VATICAN CITY — Venezuelan opposition leader Henrique Capriles asked Pope Francis Wednesday for his assistance in facilitating political dialogue in the face of "threats and blackmail" from President Nicolas Maduro's regime.
"I came to ask the Pope that the Church, which has a great power to mobilize in my country, promote dialogue," Capriles told journalists after his audience with Francis in the Vatican.
Venezuela has seen growing political tensions since Maduro's disputed election in April and upcoming December municipal elections have sparked fierce rivalries for key states between the leftist government and the opposition.
"I reminded the Pope of the climate of conflict, and that every day, the government carries out threats and blackmail. The Church can promote a peaceful and democratic way out of the crisis," Capriles said.
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"The government provokes violence. I do not rise to it, but cannot continue to act as the wall that keeps tensions at bay," he said, calling on Francis to intervene as well for the "prisoners of conscience" in a country where 80 percent of the population is Catholic.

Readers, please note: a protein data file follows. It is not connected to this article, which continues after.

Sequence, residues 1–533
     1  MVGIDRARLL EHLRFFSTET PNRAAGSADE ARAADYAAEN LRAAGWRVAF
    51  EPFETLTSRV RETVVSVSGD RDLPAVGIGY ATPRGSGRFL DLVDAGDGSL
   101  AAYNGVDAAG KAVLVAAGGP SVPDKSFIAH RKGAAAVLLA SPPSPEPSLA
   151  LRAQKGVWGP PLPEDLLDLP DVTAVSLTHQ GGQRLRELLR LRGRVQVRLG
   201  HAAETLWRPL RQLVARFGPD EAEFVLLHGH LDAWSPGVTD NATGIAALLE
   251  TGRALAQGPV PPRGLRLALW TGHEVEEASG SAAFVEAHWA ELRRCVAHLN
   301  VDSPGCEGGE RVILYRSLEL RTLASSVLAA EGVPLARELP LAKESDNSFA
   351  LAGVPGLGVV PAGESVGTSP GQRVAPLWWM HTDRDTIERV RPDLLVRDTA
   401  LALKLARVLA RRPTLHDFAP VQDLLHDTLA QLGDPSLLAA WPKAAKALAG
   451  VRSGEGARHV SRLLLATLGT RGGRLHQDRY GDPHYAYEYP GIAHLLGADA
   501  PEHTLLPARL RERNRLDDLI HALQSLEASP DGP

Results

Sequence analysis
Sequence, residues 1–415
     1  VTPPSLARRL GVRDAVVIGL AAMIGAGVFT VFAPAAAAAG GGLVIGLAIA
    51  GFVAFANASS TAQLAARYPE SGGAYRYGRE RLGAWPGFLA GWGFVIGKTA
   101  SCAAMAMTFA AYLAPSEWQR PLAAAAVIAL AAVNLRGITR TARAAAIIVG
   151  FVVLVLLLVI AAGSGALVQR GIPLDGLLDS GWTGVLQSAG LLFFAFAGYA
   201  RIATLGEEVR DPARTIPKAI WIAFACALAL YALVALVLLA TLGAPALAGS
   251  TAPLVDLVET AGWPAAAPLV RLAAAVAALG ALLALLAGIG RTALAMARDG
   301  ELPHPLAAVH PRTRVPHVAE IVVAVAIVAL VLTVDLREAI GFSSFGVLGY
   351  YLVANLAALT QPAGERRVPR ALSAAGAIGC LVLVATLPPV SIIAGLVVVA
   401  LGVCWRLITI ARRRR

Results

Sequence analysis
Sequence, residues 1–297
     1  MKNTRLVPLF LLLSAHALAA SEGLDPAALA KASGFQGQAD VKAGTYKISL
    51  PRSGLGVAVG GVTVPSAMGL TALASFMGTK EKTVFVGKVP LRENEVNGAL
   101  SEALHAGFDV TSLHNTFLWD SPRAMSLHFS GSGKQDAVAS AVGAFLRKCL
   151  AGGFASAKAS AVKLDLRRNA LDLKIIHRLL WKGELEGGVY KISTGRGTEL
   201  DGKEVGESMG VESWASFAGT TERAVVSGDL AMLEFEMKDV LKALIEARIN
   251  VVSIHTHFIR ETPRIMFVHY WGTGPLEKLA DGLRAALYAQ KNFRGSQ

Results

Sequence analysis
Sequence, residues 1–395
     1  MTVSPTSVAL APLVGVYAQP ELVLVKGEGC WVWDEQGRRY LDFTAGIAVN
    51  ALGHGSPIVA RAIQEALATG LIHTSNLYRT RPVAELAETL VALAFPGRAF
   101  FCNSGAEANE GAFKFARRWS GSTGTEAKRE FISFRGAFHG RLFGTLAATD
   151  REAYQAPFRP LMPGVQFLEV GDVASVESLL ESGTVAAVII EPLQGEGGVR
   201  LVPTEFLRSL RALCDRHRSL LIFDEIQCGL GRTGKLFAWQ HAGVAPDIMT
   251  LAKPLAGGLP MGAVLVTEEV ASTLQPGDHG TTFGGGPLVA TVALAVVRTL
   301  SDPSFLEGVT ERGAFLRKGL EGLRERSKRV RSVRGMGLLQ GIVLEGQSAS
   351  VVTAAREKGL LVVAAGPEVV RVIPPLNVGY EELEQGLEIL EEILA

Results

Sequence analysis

Capriles gave the Pope letters addressed to Francis by Venezuelans, collected near parish churches affiliated with the opposition. The Catholic Church had asked for the missives not to be collected inside churches.
Maduro was proclaimed the winner of Venezuela's April 14 presidential elections by a 1.5-percent margin hours after polls closed, but Capriles has refused to concede, saying the elections were stolen.
Francis met with Maduro in June and discussed the Church's historic role in the country, particularly in charity work, healthcare, and education.
In April, the first Latin American-born pontiff urged Venezuela's government and opposition to work on a dialogue after post-election violence claimed at least 10 lives and left dozens injured.